2.2 Multiplication by a scalar
In the collection of vectors sketched in Section 2.1, although v is not equal to c, the vectors v and c are closely related: c is a vector in the same direction as v, but it is twice as long as v. Thus it is natural to write 2v for c, since we can think of a journey represented by c as being a journey v followed by a second journey v.
In an analogous way, we can write for e, the vector whose magnitude is times that of f and whose direction is that of −f.
Scalar multiple of a vector
Let k be a scalar and v a vector. Then kv is the vector whose magnitude is |k| times the magnitude of v, that is, ‖kv‖ = |k| ‖v‖, and whose direction is
the direction of v if k > 0,
the direction of −v if k < 0.
If k = 0, then kv = 0.
For each of the vectors shown below, decide whether it is a multiple of any of the other vectors; if it is, write down an equation of the form v1 = kv2 that specifies the relationship between them.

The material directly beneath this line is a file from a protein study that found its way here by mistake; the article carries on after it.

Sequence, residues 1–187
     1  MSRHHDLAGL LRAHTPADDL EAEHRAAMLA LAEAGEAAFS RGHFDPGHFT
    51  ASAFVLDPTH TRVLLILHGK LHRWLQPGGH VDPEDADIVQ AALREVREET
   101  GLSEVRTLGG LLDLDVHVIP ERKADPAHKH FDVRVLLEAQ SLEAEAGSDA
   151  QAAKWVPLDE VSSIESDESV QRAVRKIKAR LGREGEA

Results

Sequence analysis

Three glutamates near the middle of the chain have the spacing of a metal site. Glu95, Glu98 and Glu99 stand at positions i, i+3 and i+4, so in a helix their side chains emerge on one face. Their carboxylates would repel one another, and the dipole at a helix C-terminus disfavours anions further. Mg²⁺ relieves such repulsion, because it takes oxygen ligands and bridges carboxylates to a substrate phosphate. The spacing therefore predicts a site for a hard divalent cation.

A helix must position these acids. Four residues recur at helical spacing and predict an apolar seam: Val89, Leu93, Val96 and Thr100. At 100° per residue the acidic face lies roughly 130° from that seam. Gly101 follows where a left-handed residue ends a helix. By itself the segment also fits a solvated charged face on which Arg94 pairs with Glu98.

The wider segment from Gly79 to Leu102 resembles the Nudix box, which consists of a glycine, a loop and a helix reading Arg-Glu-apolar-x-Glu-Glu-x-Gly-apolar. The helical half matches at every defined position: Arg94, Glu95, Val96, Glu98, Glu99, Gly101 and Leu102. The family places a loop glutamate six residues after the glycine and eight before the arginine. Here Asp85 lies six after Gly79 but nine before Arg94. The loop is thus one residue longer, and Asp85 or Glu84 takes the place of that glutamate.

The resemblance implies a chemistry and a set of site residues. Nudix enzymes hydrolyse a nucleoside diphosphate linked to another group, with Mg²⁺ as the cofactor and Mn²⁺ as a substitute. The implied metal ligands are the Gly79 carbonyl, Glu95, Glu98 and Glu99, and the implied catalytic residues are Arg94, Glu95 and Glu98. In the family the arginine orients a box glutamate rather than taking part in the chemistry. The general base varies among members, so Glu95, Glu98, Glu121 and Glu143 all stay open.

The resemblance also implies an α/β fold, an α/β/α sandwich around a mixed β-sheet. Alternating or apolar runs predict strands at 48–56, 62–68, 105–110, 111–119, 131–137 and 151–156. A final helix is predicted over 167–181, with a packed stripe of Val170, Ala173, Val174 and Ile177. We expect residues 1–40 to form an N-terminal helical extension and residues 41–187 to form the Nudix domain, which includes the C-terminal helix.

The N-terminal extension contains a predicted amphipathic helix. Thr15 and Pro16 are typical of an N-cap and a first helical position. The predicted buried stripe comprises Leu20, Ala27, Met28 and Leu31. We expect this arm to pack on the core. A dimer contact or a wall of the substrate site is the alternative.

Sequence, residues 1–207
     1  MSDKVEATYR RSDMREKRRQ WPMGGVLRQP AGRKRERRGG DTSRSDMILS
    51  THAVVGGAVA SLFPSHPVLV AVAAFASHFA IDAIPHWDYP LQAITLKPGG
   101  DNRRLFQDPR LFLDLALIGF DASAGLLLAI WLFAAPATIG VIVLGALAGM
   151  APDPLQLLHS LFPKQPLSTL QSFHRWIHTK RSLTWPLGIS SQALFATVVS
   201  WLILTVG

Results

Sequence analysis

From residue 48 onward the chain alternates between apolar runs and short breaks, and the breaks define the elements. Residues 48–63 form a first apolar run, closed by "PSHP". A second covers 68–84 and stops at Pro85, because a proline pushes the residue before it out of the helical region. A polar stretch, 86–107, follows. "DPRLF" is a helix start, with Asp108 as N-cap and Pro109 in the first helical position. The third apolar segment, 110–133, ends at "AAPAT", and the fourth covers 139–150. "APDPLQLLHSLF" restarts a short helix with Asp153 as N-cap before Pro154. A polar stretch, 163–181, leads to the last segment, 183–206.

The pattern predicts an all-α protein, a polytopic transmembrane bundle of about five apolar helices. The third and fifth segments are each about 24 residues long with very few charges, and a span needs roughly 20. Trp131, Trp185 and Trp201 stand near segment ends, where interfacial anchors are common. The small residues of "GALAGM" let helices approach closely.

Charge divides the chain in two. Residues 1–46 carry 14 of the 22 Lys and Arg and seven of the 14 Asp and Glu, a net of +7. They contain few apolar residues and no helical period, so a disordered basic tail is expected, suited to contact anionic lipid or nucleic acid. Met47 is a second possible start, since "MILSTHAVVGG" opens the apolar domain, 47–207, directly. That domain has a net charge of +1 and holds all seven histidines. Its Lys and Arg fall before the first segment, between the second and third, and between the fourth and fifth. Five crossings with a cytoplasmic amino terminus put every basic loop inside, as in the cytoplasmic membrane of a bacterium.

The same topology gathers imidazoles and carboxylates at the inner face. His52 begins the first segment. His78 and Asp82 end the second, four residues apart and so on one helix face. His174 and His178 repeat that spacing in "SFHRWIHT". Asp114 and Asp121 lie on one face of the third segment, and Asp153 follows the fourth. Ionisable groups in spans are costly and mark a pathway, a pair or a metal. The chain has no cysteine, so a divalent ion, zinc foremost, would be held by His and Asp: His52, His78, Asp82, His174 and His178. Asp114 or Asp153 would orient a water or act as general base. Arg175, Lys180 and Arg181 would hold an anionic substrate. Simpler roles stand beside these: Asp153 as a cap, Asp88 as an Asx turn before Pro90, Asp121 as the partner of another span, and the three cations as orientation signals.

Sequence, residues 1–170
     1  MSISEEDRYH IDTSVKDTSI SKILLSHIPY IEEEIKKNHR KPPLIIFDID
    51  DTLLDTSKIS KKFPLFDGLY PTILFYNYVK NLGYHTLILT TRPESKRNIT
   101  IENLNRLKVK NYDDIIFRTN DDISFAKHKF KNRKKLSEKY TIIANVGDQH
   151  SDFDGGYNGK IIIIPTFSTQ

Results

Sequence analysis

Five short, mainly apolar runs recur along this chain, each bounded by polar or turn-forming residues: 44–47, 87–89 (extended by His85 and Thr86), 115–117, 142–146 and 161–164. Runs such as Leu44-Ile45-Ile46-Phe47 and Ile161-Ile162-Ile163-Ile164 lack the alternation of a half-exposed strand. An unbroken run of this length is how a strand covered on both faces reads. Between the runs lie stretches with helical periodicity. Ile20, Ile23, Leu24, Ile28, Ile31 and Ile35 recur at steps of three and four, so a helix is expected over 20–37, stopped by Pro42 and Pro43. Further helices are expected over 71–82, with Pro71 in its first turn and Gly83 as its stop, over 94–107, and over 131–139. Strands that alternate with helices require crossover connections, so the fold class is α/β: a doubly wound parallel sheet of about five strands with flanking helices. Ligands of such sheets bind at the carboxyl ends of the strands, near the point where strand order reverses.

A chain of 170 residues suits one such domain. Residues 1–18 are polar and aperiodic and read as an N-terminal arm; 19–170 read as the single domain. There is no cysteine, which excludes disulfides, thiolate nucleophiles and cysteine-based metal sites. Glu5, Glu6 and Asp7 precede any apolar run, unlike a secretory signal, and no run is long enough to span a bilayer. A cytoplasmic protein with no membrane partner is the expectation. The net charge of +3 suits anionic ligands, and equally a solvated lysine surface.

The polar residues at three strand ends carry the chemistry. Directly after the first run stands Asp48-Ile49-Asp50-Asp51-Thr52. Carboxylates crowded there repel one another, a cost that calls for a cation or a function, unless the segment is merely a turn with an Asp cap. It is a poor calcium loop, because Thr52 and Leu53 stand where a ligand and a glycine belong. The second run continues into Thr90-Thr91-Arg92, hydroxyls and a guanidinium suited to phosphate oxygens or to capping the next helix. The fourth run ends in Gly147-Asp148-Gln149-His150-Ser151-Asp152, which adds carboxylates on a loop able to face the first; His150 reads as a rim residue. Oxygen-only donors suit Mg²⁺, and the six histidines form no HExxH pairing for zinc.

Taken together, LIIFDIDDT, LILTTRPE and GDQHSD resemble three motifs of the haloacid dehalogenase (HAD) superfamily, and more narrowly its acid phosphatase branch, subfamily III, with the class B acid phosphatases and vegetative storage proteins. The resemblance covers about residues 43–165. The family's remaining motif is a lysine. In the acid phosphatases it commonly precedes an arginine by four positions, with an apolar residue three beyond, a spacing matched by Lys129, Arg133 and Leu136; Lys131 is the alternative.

The vector d is in the same direction as a, but none of the other vectors is; also, the length of d is two-thirds that of a. Hence
Next, e is along the same line as b but in the opposite direction; none of the others is along the same line. Also, the length of e is three times that of b. Hence
Finally, c and f are not multiples of any of the other vectors.
For the vector d in Exercise 19, sketch 3d and −2d.
The vector 3d is in the same direction as d, but its magnitude is three times that of d; the vector −2d is in the direction opposite to that of d, and its magnitude is twice that of d.